The Paranormal ~
When my daughter, Pooka, was home for a visit, she accidentally reminded me of what I meant to do back when I started this blog. Somehow – perhaps because I’ve since watched too many ghost hunter shows – I had become fixated on finding a reputedly haunted location to investigate in the customary manner, but that is not what I set out to do. In fact, I wanted to do the reverse – I wanted to closely observe places that inspire in me a sense of mystery, melancholy or dread, and write about that experience. The gadgets and tools were meant to be secondary, a way to quantify any phenomena (natural or supernatural) that contribute to an evocative atmosphere. It took my daughter’s insight to show me that I had gotten caught up in a strange set of ghost hunter rules that I felt ill-equipped to abide by. She helped me remember that I have always been less concerned with finding a ghost than with exploring the sensation of being haunted.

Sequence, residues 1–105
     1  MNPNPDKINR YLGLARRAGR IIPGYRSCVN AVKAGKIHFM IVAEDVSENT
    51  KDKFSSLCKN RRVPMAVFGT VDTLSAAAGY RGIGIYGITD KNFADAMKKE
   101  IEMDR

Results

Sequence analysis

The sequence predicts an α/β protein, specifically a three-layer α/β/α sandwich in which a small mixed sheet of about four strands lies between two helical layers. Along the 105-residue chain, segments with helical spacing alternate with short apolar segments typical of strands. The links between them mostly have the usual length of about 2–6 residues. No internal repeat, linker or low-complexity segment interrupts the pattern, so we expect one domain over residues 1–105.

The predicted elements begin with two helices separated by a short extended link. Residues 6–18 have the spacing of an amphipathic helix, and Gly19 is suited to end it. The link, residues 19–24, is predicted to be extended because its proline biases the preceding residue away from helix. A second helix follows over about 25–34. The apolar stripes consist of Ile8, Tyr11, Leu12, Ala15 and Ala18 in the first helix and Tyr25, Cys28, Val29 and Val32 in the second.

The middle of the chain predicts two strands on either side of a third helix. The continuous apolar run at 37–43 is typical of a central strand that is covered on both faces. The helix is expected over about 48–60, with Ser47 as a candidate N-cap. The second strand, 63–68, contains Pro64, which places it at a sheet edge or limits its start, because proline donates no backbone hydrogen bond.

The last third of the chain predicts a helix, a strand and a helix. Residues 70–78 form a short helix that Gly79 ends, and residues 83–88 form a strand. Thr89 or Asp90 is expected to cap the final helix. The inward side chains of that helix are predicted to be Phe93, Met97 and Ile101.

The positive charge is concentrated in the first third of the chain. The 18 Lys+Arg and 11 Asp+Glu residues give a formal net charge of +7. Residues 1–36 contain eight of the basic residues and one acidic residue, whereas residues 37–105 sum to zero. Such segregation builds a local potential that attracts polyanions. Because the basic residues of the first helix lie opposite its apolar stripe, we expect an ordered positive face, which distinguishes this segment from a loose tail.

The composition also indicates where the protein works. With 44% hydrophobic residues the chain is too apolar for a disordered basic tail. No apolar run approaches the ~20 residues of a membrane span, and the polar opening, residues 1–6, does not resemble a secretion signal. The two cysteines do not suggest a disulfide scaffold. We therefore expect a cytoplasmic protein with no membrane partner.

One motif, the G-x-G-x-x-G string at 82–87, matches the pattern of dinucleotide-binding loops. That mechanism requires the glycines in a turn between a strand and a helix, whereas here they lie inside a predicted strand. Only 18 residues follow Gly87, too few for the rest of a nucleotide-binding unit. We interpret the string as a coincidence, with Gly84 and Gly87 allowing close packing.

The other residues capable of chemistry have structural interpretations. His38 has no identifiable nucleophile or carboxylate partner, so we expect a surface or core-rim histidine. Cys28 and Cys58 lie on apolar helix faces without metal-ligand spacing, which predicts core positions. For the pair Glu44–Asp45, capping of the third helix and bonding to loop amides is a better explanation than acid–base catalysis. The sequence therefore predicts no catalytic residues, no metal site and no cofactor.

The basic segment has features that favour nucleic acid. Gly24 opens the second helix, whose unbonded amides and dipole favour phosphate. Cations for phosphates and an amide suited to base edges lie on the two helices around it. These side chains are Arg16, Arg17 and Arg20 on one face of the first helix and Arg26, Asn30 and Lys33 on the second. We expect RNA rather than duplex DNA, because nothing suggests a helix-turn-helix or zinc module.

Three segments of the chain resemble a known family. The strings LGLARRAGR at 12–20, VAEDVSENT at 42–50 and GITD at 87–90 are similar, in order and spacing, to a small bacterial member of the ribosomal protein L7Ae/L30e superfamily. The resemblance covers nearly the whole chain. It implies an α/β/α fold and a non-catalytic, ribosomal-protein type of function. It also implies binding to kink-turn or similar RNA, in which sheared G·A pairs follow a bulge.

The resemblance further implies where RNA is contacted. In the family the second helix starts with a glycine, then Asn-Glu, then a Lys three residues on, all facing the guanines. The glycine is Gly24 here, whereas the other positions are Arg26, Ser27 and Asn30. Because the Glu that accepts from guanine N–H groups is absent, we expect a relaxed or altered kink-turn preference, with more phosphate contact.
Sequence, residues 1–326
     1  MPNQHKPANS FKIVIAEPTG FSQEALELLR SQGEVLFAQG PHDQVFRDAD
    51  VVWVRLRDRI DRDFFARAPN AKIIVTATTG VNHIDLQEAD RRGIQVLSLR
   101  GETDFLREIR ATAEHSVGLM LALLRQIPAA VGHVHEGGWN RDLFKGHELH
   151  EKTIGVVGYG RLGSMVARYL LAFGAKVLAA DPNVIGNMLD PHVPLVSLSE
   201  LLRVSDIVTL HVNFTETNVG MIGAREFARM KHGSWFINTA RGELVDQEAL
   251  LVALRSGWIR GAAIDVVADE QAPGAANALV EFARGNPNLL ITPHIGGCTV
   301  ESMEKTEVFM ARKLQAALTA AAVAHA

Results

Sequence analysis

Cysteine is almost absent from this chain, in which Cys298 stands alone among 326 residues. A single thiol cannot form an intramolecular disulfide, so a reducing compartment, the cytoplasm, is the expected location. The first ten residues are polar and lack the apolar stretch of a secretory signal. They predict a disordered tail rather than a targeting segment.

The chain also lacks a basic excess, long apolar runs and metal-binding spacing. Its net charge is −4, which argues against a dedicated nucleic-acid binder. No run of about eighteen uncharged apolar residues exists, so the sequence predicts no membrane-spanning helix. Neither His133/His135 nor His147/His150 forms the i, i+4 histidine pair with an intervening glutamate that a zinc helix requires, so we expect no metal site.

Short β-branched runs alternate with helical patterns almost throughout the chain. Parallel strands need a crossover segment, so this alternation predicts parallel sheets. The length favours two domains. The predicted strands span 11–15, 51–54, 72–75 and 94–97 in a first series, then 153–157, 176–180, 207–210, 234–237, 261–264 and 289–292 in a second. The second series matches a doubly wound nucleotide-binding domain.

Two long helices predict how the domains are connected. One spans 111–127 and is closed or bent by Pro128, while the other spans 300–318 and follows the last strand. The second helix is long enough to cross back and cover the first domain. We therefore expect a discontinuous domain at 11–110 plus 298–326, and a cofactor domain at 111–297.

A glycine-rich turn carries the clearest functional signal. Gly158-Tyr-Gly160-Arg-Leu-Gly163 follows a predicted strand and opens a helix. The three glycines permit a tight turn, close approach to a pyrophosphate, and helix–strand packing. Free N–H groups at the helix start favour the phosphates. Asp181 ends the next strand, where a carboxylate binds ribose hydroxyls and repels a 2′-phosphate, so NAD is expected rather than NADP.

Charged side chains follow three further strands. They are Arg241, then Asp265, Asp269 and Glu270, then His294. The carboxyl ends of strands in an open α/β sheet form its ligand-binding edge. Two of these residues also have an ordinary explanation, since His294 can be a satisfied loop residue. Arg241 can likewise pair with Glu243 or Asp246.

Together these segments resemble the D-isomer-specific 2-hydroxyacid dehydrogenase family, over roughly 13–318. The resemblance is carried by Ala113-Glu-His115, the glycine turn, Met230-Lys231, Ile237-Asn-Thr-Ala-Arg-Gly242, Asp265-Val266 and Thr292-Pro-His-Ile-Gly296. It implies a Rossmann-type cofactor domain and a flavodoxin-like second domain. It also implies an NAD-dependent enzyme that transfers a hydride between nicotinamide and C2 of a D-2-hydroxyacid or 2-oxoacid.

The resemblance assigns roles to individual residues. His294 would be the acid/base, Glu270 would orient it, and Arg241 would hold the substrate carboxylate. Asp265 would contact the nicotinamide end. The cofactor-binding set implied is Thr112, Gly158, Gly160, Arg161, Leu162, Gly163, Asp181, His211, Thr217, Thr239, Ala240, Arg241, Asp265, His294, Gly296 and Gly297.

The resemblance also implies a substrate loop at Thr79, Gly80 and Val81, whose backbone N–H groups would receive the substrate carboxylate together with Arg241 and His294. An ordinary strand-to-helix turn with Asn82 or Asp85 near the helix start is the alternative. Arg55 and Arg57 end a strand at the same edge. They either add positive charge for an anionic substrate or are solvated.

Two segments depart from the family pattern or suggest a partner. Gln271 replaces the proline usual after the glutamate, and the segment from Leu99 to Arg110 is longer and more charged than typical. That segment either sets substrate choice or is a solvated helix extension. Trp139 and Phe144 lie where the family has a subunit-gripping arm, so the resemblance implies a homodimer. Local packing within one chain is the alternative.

The Book ~
I haven’t been writing it. I haven’t been editing it. I haven’t even read any of it in more than a month. I can hardly remember what it felt like to really work with it. I know there were weeks at a time when I wrote fast and hard – come hell or typographical errors – while generating the bulk of my novel. Forcing myself forward felt awful, but pages chugged out of the printer and the manuscript stack thickened every day. Then I started editing the draft, even though I hadn’t finished writing the story. I think that’s when I first veered off the path.
The Whining ~